Hilary Hanahoe (Female) Secretary General of the Research Data Alliance (RDA). Her role is to support the RDA membership, and its governance structures to achieve the goal of the Research Data Alliance - to accelerate international data-driven innovation and discovery by facilitating research data sharing and exchange. Hilary was appointed on 1st February 2018 and previously covered a multiple of roles within the Alliance, including the coordinator of the RDA Europe initiative, the Communications and Plenary Manager for the RDA global secretariat. She also managed the process for the recognition of RDA recommendations as ICT technical specifications in Europe. More information at www.linkedin.com/in/hilary-hanahoe.
Andreas made his PhD as an experimental particle physicist at Forschungszentrum Jülich/Ruhr University Bochum. He investigated the application of graphics processing units (GPUs) for track reconstruction in the online event selection system of the PANDA experiment. After graduating he joined the NVIDIA Application Lab of the Supercomputing Centre of Forschungszentrum Jülich, where he enables scientific applications for GPUs and improves their performances.
Milosch Meriac is involved in hardware, embedded software, protocols and security projects around the Internet of Things and considers himself a white-hat hacker.
Milosch Meriac has over 20 years of professional experience in embedded programming, hardware development and the information security business. He enjoys breaking things, working on microcontroller security and improving IoT security.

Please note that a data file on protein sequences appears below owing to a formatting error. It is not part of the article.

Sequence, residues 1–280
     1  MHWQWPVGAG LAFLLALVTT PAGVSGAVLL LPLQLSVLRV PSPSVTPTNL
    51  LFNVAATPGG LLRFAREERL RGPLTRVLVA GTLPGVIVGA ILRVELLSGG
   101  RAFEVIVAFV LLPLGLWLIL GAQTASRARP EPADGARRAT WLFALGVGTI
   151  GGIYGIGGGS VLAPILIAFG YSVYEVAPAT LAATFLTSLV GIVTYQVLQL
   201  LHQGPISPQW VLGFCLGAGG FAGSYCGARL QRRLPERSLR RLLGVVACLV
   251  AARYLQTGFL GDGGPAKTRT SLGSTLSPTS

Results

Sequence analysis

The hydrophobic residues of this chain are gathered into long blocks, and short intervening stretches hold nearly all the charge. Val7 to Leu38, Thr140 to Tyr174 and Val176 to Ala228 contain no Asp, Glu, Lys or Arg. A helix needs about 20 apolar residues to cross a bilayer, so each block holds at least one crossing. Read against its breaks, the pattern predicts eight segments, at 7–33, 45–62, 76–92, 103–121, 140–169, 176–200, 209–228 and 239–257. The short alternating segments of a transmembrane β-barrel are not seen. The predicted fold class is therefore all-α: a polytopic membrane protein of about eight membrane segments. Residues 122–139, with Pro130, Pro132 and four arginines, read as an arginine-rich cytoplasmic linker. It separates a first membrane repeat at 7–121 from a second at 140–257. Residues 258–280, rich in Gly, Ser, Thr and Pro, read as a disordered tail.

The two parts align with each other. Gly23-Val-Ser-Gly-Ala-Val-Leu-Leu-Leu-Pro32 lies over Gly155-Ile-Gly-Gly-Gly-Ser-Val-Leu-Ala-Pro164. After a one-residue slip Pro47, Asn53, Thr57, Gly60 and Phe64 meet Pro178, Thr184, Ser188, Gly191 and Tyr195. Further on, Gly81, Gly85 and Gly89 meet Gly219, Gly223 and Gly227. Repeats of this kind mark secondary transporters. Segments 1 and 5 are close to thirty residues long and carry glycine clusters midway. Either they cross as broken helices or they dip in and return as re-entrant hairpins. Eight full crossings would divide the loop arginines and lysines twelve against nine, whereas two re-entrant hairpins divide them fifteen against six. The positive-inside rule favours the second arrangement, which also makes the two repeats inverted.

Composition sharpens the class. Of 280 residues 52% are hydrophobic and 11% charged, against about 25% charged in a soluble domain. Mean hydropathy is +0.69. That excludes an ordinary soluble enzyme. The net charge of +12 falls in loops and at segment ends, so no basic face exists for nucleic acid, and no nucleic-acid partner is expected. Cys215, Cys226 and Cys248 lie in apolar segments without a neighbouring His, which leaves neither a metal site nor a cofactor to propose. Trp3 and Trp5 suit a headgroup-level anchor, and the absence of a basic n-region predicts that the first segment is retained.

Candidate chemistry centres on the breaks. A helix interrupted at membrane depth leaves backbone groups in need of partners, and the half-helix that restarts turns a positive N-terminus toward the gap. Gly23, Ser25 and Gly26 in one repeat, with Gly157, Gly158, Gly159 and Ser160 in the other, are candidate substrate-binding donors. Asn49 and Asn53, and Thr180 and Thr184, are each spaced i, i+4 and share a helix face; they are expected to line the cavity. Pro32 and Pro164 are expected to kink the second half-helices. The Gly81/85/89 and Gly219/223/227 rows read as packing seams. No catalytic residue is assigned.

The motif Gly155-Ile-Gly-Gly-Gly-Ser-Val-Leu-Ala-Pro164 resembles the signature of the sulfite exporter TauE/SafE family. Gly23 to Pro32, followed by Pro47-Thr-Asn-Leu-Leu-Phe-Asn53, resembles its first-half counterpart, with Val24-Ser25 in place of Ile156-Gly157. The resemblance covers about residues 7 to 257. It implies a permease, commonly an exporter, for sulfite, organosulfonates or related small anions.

His focus is on hardware design, embedded systems, RF designs, active and passive RFID hardware development, custom-tailoring of embedded Linux hardware platforms, real time systems, IT-security, hardware & software reverse engineering and security evaluations of embedded systems. 
Oliver Oberst made his PhD in particle physics at the KIT focused on analysis of QCD data from the CMS Experiment and development of tools to manage virtualized worker nodes. After two years as a post doc at KIT, managing the CMS Tier 1 contact team for GridKa as-well as coordinating the German CMS grid computing group (DCMS), Oliver joint IBM as an Industry Solution Architect. Since then he designs solutions for research and higher-education customers with emphasis on technical computing (HPC, HTC), big data analytics and cloud computing.
Gareth O'Neill is a doctoral candidate in linguistics at Leiden University and is president of the European Council of Doctoral Candidates and Junior Researchers (Eurodoc). He is interested in science policy for researchers and in improving the broad implementation and skills training of Open Science across Europe. Gareth was actively involved in the Dutch National Plan for Open Science, is an expert on Open Science for the European Commission, and is a member of the H2020 Advisory Group on Marie Skłodowska-Curie Actions at the European Commission. He appreciates decent pints of Guinness and sailing in traditional Galway Hookers.
Danilo is a particle physicist specialised in the design and development of high performance scientific software. He got his PhD at KIT in Germany and works at CERN in the Software group of the Experimental Physics Department. As software performance expert, he is responsible for the modernisation and parallelisation of the CERN software suite and recently focussed on the redesign of analysis and data IO tools within the ROOT project.
The research of Prof. Dr. Gordon Pipa is focused on understanding how information processing and cognitive phenomena can arise from the collective self-organization of elements interacting across many spatial and temporal scales. In particular he studies, first, synchronization of neuronal activity in delay coupled systems, second, information processing in self-organized complex systems in different dynamical states, i.e. self-organized criticality, and third, the use of time series analysis to understand how information flow can take place between neural activity occurring at different spatial and temporal scales. The long term goal of my research is to identify principles that shape neuronal activity and are used to process information in a multi-scale system like the brain.